12 September, 2016

Shrinking Before Expanding

autorretrato 1


Usually, I’ve stopped writing for one of a couple of reasons. The most likely is: something very large and detail-specific took place in my life, and recording every aspect of it is going to require of me an hour or two of silence, attention, and a strong memory. As a perfectionist, I’d rather not begin something that will barely meet my personal standards of “good work”, so I don’t write this event down until the time is perfect. However, I can’t bring myself to continue journaling my day-to-day life until that event is taken care of. So I don't write at all.  It’s a very long cycle of evading.

Until one day I’ve had enough! And I can’t bear it any longer and I must, I must write! Except not for any heroic reason: more, like… writing is the only place I built any real identity, other than my self-pity. And I gotta reconnect every once in a while.

That’s something I deeply resent about myself, by the way. Pessimism turned into a defense mechanism when it suddenly became uncool to be enthusiastic and high-pitched. Through the years I began to believe it. The voice in my head? That said, “Well, actually, have you considered…” every time I thought a nice thought. It’s so uncool!... but it’s so easy! How does one stop believing this?

I'm looking forward to the day where what I write doesn't sound so sad.

a walk with dani

Dani and I take a hike through the highlands by her home. I haven’t seen her since I pointedly secluded myself in my home months ago. She is very lively, shiny and bronze. Her long, wavy hair is beautifully caught in a tangled ponytail, woven through a baseball cap. She has a lot of things to tell me about herself, which I love: I am very submissive, and prefer any one else other than myself to be in control of a conversation, or any interaction in general. Not to mention that she’s a fantastic verbal communicator, a gift I’m, unfortunately, jealous of.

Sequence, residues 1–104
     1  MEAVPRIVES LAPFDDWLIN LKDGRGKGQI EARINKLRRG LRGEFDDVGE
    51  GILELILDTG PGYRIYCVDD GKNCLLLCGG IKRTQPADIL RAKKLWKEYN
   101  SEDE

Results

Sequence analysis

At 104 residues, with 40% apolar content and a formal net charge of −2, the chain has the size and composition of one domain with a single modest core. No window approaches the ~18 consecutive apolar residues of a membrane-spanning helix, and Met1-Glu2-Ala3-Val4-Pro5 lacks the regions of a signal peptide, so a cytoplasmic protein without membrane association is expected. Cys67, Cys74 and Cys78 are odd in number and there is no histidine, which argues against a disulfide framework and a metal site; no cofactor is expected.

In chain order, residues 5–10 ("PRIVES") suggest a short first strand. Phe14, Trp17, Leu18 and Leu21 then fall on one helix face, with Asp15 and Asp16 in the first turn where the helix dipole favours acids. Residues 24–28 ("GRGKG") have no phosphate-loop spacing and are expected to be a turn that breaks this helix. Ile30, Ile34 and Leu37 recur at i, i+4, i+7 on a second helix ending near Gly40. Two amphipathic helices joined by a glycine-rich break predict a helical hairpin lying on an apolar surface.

Romance is one of my favorite topics to meditate over: I love trying to prove it, trying to disprove it, trying to figure out at which moments it exists. Talking about it with Dani is very fun: She tells me that a large part of her enjoys the attention she receives from guys, and that’s enough for her. I tell her I support her doing anything she wants for attention. She laughs and thanks me. “Most people would judge me,” she says, and I know that she’s right. I wonder whether she has found herself feeling worn out by a man’s detachment in the past, a position many women find themselves in regularly. I wonder how anyone could possibly blame her for wanting attention.

I take pictures of Dani as we walk and talk, and she calls me her little photographer, which makes me beam. We reach a fork in the road. “We can hike up the rest of the mountain; it’s very steep, but it’ll take us directly back home. Or! We can go down this slope. I’ve never been down there, but I’ve heard this trail circles around the mountain.” Not one to pass up a chance at a significant event to occur in my life, I say, “I don’t know that I’m feeling up for hiking a steep mountain right now,” and she grins and says, “Thank God, neither do I!”